July 2, 2013 1 Comment
Although Bitcoin, the “world’s first decentralized digital currency”, was launched in 2009, it has only recently gained popularity as a currency. Unlike other existing currencies, Bitcoin lacks a central monetary authority, which creates problems for financial regulators. In place of a traditional central monetary authority, a computer network composed of Bitcoin users self-regulates the currency. Members of this Bitcoin network “monitor and verify” the creation of new Bitcoins and also regulate transactions between users.
Bitcoins are generated through a virtual process known as “mining.” A unique serial number is allocated to each Bitcoin after it is created. However, the total number of Bitcoins that can be produced is limited to 21 million. There are currently about 11 million Bitcoins in circulation, equivalent to approximately $1.2 billion. Popularity of the Bitcoin currency has recently surged, as Bitcoins have recently become available to “ordinary customers and businesses.” Many small businesses are therefore beginning to accept Bitcoin as a viable form of payment. Small businesses in particular benefit from Bitcoin’s swipe fees, which are on average about 2% lower than those of credit cards. Owners of small businesses also favor the simplicity of using a virtual currency as opposed to cash or other forms of payment.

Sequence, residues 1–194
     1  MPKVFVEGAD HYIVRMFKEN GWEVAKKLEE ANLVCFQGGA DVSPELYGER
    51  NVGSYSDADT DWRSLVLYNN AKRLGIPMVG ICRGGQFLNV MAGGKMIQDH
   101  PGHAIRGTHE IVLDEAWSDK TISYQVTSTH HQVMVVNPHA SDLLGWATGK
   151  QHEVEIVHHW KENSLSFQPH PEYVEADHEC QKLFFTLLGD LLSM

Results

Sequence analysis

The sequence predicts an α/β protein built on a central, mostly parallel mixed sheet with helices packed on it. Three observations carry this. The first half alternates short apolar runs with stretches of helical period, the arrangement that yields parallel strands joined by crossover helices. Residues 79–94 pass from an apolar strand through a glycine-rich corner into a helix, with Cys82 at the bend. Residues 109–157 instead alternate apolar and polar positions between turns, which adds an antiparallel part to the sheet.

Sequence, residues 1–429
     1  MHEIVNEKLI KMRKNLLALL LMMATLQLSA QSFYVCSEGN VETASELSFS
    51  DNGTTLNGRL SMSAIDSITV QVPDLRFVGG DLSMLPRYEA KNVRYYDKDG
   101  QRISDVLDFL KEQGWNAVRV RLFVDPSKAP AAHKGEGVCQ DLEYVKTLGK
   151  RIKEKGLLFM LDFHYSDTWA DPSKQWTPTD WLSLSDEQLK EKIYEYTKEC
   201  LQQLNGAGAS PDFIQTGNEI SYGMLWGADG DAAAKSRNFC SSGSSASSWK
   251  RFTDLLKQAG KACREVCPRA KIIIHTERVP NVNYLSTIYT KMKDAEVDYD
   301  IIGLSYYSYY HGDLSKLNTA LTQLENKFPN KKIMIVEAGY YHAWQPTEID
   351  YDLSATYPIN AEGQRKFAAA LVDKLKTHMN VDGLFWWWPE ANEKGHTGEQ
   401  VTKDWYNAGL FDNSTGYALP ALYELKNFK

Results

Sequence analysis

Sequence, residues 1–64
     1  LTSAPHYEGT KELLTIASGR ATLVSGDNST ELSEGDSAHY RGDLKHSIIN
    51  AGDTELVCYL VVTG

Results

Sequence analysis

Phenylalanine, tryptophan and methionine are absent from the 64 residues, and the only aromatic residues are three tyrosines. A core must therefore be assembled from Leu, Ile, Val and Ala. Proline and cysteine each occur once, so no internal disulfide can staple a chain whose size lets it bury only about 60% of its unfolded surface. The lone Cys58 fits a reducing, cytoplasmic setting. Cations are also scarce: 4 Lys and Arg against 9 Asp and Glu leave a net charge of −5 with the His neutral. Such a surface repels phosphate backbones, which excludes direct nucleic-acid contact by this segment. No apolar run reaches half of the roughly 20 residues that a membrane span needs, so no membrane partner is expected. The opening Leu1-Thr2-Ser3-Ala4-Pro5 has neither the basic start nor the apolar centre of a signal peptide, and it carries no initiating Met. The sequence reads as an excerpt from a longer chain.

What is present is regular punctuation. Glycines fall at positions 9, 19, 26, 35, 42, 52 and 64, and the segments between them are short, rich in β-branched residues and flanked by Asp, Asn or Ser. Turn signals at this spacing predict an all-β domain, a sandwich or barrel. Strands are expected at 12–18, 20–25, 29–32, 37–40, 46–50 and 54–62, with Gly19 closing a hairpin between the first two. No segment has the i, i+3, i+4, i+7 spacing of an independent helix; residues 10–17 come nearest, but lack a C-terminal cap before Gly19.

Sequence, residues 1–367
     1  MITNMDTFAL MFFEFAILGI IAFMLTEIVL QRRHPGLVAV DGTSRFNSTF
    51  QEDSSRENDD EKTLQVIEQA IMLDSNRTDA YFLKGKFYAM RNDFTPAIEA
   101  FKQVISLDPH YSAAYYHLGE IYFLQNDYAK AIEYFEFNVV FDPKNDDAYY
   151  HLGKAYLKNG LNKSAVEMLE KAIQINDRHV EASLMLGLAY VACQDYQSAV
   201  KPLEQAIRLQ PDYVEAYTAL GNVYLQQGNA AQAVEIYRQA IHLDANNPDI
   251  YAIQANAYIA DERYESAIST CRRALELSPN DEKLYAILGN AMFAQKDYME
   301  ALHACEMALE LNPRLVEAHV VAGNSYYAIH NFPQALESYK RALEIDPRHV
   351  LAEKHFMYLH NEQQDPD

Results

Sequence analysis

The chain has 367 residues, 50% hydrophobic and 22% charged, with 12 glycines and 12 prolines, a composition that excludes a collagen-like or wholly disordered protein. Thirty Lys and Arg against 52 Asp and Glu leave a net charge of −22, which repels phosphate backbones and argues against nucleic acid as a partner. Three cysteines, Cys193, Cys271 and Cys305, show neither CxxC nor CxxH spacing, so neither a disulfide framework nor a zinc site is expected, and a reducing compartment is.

Various complications have emerged as authorities attempt to regulate Bitcoin’s use as a currency. Because Bitcoin users can maintain anonymity in transactions, Bitcoins are likely to be used for illicit purchases or transactions. As a result, federal and state regulators “are taking steps to prevent people and companies from using them for illegal activities.” In a recent interview, Benjamin Lawsky, superintendent of New York’s Department of Financial Services, stated, “Virtual currency firms inhabit an evolving and sometimes murky corner of the financial world.” However, authorities must gain a deeper understanding of Bitcoin’s mechanics before instituting effective regulatory measures. As Tony Gallippi, CEO of Bitcoin-handling company BitPay, explained, “You can’t apply the rules for the horse and buggy to an automobile.”
Bitcoin has recently faced a stream of legal difficulties. Last week, two prominent officials of the Bitcoin Foundation travelled to Washington to meet with federal officials, attempting to prove their willingness work within federal laws. General council of Bitcoin, Patrick Murck, told officials, “There’s a myth about Bitcoin that it is an anonymous payment network. That is not true. [Bitcoin has] an open public ledger that shows every transaction.” Although Bitcoin’s ledger is public, there is no formal mechanism to tie Bitcoin addresses to the identities of their owners. It is also unlikely that Bitcoin will mandate user identification in the future, as this would alter the configuration that made it successful in the first place.
So far, Bitcoin has lacked stability as a currency and many argue that Bitcoin is losing steam. In January 2013, Bitcoins were worth $13, rising to $266 by April, and falling to about $100 today. Due to the general novelty of online currency, Bitcoin’s future remains uncertain. Perhaps with tighter regulations and less volatility, Bitcoin and other virtual currencies will gain prominence in the global market.
By: Marjorie Baker
Sources: Wall Street Journal, Economist, Economic Times, NBC News, Washington Post